CHARLES BRIDGE , Introduction

Audio File length: 2.23
English / USA Language: English / USA

Hi, my name’s Scott, and I’m your personal guide. Along with MyWoWo, I’d like to welcome you to one of the wonders of the world: Charles Bridge in Prague, one of the finest masterworks of Gothic civil engineering.

 

The bridge was built on the orders of Charles IV, the king who made fourteenth-century Prague one of the most beautiful cities in the world, and the task was entrusted to the German architect Peter Parler, who also designed the St Vitus Cathedral.

The moment of foundation of the bridge was established by the leading astrologists of the age: 9 July 1357, at 5.31 a.m., because 1 3 5 7 9 7 5 3 1 is a palindrome and considered magical.

The bridge was built over a previous medieval bridge, and was designed as a striking connection between the two sides of the city, divided by the Vltava River.

Across the bridge runs the “Royal Road”, which links the two strongholds, Vysehrad and Hradcany, starting out from the New Town, running through the Old Town and across the river to the Malà Strana neighborhood.

In the past, the locals called Charles Bridge the “stone bridge” or “Prague bridge”; it did not take on its current name until 1870.

 

515 meters long, ten meters wide and not perfectly straight, Charles Bridge is supported by 16 pillars, at the base of which you can see the protections put in place to defend the bridge when the river overflows. At the two ends of the Old Town and the Malà Strana neighborhoods are the fortified gateways, which also functioned as customs points, flanked by towers and decorated with statues and coats of arms.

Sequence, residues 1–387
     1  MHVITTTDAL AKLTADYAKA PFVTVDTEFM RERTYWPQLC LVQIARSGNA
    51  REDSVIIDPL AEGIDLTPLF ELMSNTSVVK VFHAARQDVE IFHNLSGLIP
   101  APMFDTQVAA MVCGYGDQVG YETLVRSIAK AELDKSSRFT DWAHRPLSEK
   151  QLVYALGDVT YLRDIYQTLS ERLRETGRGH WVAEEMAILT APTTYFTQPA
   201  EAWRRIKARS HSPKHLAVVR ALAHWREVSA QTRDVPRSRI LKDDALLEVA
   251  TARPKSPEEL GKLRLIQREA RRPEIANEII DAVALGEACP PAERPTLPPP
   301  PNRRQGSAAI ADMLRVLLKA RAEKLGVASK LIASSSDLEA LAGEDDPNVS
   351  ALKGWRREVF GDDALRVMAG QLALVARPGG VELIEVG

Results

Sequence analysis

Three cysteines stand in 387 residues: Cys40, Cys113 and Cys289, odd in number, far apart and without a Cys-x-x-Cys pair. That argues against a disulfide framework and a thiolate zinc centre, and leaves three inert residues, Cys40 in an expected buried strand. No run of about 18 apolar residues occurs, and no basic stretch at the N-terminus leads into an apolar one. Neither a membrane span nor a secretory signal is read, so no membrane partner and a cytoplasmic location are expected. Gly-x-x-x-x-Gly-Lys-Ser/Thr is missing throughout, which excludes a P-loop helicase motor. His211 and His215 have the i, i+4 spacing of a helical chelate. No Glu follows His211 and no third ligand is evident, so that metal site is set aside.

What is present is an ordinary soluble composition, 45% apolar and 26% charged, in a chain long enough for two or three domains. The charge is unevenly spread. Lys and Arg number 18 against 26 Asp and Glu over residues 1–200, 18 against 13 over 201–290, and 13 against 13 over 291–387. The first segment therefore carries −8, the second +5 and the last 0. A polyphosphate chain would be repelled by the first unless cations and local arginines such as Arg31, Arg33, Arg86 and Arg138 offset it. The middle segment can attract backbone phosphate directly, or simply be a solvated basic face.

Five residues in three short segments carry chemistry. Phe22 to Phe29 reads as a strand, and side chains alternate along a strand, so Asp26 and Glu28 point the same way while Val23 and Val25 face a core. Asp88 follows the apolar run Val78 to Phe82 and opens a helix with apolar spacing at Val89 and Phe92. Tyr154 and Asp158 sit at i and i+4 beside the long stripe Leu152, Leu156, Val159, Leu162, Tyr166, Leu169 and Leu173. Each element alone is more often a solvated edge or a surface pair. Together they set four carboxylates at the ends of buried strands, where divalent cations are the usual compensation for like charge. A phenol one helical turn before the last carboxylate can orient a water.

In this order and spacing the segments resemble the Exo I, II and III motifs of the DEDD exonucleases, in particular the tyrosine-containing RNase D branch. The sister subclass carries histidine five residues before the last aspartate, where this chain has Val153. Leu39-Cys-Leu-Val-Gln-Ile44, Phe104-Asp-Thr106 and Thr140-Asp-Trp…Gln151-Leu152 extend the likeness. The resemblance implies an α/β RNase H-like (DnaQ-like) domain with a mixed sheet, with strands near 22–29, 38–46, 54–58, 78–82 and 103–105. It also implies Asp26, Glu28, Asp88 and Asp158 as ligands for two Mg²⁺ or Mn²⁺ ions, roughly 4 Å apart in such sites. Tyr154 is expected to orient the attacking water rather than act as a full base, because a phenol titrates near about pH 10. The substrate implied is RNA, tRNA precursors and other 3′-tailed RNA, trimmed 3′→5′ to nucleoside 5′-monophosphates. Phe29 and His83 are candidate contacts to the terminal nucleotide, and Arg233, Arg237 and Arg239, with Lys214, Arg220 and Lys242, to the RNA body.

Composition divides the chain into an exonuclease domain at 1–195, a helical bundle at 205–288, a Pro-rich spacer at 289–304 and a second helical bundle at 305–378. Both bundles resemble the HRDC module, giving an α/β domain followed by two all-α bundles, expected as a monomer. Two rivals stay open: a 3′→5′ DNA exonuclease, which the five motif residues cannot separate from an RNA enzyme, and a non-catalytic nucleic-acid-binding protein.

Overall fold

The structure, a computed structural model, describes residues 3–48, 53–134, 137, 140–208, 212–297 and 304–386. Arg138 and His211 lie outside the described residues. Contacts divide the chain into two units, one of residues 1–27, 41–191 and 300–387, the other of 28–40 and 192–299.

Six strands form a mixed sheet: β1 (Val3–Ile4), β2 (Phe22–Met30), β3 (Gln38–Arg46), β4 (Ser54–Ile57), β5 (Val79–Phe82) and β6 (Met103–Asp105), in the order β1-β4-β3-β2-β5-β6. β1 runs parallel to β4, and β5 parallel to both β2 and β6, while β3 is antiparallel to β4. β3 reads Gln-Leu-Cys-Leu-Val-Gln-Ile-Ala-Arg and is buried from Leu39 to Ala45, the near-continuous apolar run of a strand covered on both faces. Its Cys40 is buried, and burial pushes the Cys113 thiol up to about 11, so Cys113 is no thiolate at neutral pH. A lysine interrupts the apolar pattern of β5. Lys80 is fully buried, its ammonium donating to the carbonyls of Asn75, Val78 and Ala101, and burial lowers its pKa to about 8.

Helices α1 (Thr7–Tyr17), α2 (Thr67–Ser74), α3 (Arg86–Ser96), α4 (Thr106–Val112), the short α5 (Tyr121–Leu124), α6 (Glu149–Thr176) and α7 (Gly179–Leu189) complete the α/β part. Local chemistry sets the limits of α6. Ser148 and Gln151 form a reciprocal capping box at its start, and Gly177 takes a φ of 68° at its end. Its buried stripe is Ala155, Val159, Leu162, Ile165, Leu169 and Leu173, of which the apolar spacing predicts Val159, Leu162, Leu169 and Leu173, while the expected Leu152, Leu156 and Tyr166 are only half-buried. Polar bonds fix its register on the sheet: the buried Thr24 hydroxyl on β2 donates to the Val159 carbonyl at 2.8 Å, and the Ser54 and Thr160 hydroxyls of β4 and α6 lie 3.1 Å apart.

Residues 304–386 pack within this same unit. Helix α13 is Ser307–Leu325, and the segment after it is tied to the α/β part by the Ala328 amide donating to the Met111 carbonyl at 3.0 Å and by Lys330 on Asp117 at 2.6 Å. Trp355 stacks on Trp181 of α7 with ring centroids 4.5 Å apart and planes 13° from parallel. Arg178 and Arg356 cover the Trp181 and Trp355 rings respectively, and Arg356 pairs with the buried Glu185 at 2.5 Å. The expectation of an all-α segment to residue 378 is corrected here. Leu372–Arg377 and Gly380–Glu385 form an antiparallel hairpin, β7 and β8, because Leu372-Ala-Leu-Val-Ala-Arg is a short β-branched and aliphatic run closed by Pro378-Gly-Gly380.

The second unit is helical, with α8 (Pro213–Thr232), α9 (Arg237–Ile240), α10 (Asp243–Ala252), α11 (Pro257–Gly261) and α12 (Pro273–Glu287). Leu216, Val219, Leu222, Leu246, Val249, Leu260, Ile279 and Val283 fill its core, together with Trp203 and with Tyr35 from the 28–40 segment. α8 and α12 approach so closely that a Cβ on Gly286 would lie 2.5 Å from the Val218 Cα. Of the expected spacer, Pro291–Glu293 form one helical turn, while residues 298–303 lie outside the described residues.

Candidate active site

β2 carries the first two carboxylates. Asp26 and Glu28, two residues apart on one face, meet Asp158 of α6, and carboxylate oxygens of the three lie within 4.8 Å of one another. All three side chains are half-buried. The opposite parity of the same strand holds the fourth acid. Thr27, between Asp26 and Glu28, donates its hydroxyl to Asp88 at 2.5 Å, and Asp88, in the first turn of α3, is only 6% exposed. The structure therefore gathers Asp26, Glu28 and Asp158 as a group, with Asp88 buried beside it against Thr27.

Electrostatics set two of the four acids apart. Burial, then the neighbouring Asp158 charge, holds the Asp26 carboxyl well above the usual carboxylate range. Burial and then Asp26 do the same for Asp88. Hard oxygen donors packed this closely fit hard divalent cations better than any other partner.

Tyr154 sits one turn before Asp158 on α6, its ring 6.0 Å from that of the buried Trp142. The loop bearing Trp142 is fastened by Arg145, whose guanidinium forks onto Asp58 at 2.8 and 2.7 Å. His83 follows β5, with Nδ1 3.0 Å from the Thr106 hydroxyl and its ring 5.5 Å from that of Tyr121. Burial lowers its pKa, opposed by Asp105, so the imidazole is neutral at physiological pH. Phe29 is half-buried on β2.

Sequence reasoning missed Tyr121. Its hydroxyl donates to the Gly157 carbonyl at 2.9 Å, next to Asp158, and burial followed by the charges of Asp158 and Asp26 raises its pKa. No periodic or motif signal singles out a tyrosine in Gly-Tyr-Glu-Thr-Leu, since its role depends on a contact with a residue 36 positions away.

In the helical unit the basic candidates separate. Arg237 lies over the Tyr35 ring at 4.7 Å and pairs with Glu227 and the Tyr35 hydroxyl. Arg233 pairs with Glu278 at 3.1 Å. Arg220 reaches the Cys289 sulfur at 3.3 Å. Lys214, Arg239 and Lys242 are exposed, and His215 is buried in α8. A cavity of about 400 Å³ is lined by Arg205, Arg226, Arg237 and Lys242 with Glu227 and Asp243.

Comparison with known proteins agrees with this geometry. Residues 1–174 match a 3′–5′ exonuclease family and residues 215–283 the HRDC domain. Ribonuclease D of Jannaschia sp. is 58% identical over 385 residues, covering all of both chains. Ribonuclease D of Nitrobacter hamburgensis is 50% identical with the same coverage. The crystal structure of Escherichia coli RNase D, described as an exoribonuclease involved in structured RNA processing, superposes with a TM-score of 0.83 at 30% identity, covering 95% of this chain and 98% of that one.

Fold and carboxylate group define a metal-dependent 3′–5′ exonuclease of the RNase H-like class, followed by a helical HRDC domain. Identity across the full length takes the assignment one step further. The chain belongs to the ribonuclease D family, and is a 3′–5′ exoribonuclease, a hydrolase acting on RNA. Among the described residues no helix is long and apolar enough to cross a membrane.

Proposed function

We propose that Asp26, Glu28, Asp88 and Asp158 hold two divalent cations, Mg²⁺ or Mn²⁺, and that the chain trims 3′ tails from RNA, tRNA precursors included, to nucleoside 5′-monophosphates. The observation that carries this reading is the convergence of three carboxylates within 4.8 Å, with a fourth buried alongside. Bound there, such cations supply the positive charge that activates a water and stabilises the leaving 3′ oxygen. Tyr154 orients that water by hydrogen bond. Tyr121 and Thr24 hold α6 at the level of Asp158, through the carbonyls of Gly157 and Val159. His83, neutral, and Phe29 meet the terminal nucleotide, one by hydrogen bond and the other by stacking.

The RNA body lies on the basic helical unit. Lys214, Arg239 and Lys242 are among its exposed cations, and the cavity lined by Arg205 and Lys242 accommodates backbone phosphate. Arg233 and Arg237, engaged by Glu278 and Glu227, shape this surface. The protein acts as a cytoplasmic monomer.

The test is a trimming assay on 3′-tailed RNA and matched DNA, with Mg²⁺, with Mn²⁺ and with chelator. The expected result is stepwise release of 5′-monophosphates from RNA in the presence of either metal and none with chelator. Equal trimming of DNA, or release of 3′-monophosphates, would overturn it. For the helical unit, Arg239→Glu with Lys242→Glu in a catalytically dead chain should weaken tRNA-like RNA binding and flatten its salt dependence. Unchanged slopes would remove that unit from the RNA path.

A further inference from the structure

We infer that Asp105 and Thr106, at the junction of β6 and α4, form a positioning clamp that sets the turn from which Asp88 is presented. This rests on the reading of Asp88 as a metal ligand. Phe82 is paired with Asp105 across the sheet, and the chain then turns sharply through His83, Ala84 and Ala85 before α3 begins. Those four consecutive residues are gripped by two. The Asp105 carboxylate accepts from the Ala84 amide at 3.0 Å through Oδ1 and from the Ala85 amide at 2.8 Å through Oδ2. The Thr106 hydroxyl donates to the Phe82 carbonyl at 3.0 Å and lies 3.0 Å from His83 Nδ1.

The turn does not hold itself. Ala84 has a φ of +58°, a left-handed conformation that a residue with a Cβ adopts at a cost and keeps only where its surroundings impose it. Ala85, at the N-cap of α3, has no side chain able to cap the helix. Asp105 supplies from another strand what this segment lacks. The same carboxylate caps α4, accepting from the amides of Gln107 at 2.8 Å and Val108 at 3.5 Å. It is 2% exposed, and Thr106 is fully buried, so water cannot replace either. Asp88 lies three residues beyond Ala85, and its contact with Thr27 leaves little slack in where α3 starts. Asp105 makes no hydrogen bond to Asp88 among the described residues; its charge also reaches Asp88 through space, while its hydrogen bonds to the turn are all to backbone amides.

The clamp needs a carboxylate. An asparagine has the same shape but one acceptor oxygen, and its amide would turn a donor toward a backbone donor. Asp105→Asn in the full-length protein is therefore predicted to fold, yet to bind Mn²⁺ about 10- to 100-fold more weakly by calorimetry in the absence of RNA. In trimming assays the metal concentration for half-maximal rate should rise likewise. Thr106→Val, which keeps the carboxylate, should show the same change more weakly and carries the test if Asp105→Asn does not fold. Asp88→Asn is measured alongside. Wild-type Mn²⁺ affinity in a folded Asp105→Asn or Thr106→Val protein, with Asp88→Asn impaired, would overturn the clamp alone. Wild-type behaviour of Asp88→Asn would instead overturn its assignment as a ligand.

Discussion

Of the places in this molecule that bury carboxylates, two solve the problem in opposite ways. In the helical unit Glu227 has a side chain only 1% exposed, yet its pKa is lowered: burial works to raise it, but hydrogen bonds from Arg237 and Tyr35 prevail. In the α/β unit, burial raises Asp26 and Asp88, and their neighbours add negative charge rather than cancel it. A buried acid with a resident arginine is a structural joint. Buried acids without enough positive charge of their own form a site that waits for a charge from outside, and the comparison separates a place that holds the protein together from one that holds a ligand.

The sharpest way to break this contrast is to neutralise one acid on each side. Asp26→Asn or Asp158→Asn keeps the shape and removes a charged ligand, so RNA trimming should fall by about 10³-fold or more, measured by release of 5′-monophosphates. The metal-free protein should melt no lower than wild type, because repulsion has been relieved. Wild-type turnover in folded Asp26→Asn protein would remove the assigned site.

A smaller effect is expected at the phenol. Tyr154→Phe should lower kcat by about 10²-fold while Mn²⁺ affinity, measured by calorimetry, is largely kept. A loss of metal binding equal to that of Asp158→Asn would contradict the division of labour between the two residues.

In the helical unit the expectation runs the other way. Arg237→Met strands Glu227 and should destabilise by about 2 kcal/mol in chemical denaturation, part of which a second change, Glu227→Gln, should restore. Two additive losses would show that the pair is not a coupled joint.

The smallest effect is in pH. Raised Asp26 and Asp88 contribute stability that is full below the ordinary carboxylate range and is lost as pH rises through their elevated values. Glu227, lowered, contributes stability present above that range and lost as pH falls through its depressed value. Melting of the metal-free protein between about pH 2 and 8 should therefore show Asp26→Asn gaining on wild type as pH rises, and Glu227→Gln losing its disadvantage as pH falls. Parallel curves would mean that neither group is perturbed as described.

The best view of the bridge is from the small peninsula that stretches out towards the Vltava River and looks onto the bank of the Old Town: much of this tiny peninsula is taken up by the Neo-Renaissance style former hydraulic power plant, now a museum dedicated to the well-known Czech composer Bedrich Smetana.

 

An interesting fact: Legend has it that in order to make the bridge more solid and improve its resistance to flooding, the mortar for the stones was strengthened with yolks from thousands of eggs from all over the kingdom. Recent laboratory tests carried out on the bridge materials have confirmed the presence of organic elements compatible with eggs.

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